• defined social distance (flexible working hours, relay shifts, new spatial arrangement, new individual protection structure, and so on);
  • hand sanitizer holders (alcohol, gel sanitizers, etc.);
  • limits on the number of people allowed per environment;
  • limits on the number of people allowed in an elevator;
  • new technology that avoids the touch of buttons;
  • towels and disposable utensils.

Returning to the work environment must be safe for employees, and this cannot be negotiated.

The legal issue of the return of face-to-face activities in the pandemic

First of all it is important to make it clear thathuh there is nothing in the law that prevents the worker from returning to work in person. Even if the feeling is “I don't want to go back to the office”, it is directly subject to the orders of your employer, this is also true for professionals who are part of the risk group.

However, the company ofmust ensure that this return is done safely.Therefore, it is necessary to respect the ordinance of the Ministry of Economy, related to the Ministry of Labor, which requires it to adopt social distancing from employees, provide masks and alcohol gel.

Of course, in a pandemic scenario, the risks of contamination in the workplace are not improbable. But the company can invest all its efforts to reduce this threat and reverse the maxim “I don't want to go back to the office”, offering essential care and educating the behavior, conduct and thinking of its professional team.

If the worker does not feel secure, he can report the company to the union, the Department of Labor or the Public Ministry of Labor.

Furthermore, in extreme cases, the employee's refusal is understood as proportional and legitimate. It is the employee's right to go to the Labor Court and make a request for indirect termination of the employment contract, based on article 483, “c” of the CLT.

This article points out that the worker may consider the contract terminated and claim due compensation when he is in clear danger of considerable harm. Employees will be entitled to all monies in connection with an unfair dispute.

However, in an opposite situation, in which the employee fails to comply with the indicated safety measures, the company may give him a warning or even send him away for just cause.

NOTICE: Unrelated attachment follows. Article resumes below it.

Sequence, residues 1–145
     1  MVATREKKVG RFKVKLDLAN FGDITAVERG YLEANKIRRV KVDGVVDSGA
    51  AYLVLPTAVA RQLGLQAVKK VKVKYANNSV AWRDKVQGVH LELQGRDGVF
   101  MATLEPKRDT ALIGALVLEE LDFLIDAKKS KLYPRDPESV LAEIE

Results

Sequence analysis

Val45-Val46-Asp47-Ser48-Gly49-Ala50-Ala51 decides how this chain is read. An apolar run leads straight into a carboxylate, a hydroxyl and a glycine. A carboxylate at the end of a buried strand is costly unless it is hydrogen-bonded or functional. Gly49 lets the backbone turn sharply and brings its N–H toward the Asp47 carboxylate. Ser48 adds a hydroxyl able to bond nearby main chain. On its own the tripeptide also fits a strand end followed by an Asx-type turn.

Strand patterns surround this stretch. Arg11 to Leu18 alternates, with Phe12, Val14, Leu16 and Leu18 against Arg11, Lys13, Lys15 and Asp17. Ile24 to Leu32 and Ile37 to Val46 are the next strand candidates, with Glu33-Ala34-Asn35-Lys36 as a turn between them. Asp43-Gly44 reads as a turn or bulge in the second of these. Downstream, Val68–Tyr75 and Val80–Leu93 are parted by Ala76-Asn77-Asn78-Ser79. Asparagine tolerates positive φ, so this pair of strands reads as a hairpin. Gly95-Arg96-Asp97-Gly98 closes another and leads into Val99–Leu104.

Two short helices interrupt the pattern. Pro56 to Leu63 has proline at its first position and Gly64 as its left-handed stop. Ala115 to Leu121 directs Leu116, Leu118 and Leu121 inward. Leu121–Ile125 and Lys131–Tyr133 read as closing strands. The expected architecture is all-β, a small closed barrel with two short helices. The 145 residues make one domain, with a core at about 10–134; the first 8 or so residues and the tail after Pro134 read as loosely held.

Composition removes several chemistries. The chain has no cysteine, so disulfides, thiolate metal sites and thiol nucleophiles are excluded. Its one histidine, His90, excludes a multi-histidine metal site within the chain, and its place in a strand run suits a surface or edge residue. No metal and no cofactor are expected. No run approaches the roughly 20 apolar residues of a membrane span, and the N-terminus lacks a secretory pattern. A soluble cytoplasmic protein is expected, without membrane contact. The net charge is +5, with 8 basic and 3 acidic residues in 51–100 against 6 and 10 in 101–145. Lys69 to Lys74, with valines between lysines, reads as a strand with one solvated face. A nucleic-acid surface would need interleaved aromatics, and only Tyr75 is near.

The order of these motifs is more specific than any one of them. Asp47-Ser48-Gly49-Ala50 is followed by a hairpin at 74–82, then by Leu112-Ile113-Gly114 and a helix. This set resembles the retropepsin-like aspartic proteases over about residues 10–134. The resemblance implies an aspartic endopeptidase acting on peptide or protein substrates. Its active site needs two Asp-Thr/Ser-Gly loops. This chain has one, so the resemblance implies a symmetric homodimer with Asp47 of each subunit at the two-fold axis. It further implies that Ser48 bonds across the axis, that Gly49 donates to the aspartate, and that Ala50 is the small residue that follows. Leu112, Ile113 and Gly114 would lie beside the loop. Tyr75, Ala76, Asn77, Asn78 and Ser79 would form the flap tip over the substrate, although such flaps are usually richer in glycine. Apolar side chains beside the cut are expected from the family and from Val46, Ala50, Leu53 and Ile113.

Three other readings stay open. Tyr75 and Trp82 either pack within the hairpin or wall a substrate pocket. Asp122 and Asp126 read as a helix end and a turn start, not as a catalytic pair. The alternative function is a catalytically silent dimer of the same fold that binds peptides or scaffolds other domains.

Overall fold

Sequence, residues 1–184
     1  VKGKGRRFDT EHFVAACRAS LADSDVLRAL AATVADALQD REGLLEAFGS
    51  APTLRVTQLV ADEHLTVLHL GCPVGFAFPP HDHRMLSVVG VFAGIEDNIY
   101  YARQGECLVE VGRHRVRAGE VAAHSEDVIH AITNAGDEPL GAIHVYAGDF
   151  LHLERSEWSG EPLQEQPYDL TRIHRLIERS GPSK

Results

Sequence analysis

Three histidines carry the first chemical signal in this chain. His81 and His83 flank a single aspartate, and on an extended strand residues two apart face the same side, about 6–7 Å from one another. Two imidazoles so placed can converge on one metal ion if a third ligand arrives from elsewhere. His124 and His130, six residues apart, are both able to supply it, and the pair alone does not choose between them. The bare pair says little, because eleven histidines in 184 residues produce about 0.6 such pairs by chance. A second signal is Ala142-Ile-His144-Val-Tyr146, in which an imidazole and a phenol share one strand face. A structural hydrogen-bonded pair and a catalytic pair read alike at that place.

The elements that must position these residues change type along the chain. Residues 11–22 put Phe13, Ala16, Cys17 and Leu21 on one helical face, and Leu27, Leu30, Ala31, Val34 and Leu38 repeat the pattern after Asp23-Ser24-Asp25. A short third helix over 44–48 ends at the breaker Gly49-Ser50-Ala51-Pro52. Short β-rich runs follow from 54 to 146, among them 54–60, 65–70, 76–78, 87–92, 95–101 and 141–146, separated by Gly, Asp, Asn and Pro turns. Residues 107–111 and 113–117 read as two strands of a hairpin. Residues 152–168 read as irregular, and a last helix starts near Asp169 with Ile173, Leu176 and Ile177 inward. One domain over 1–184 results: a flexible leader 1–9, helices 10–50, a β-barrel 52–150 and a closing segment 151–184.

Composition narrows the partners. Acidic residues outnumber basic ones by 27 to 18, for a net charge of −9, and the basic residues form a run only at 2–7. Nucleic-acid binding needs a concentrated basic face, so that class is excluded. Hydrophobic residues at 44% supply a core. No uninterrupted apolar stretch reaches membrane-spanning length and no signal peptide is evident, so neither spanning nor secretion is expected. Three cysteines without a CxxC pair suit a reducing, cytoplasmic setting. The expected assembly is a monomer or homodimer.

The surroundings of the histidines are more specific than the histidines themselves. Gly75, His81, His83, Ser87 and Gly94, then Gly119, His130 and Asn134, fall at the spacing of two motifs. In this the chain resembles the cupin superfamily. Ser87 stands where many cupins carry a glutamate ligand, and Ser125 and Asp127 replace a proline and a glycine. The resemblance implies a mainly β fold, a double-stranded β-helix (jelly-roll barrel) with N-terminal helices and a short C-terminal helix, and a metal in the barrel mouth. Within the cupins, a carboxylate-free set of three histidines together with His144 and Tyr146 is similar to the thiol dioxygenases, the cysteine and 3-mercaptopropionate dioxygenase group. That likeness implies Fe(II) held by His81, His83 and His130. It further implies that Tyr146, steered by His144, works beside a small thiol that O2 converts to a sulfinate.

Home office will be a reality in the post-COVID-19 world

According to experts, the practices of home office should be maintained in the post-pandemic scenario. For those who say “I don't want to go back to the office” because they prefer distance acting, this is an interesting and possible novelty.

Remote acting during mandatory social distancing proved that good performance and personal satisfaction have nothing to do with a controlled work environment.

More than a cost reduction for the company, the home office has become an interesting alternative to stimulate motivation of your team.

Some home office benefits:

  • economy with social charges;
  • optimization of the use of corporate space;
  • reduction of wasted resources;
  • tax advantages;
  • increased productivity by reducing work interruptions;
  • more structured labor laws;
  • hiring specialists and talent without worrying about distance.

In addition, with the expenses to structure this action policy during the quarantine, most companies will maintain this condition.

The feeling “I don't want to go back to the office” will be a comfort for those professionals who prefer to work from their homes.

It is worth noting that with the end of MP 927, there is no longer an authorization for the employee to work in a different location than what is stipulated in their contract. If the employer wants to keep the employee in remote work, a specific legal agreement for this should be created.

Therefore, we can conclude that whoever says “I don't want to go back to the office” currently has personal reasons. If the company calls him back to face-to-face work, he may ask for some specific precautions for his safety and well-being.

Did you like the article? So, share it on your social networks with friends who might also be feeling insecure about this feedback.

Conclusion

HR Consultant UK can help if you have any questions about I don't want to go back to the office during the pandemic, what does the law say?
. Our HR consultant in London can assist you if you live in London. Suppose you live further afield thats not an issue! Visit our HR Consultants Near Me page to find the best consultancy nearest to you.
See you next time!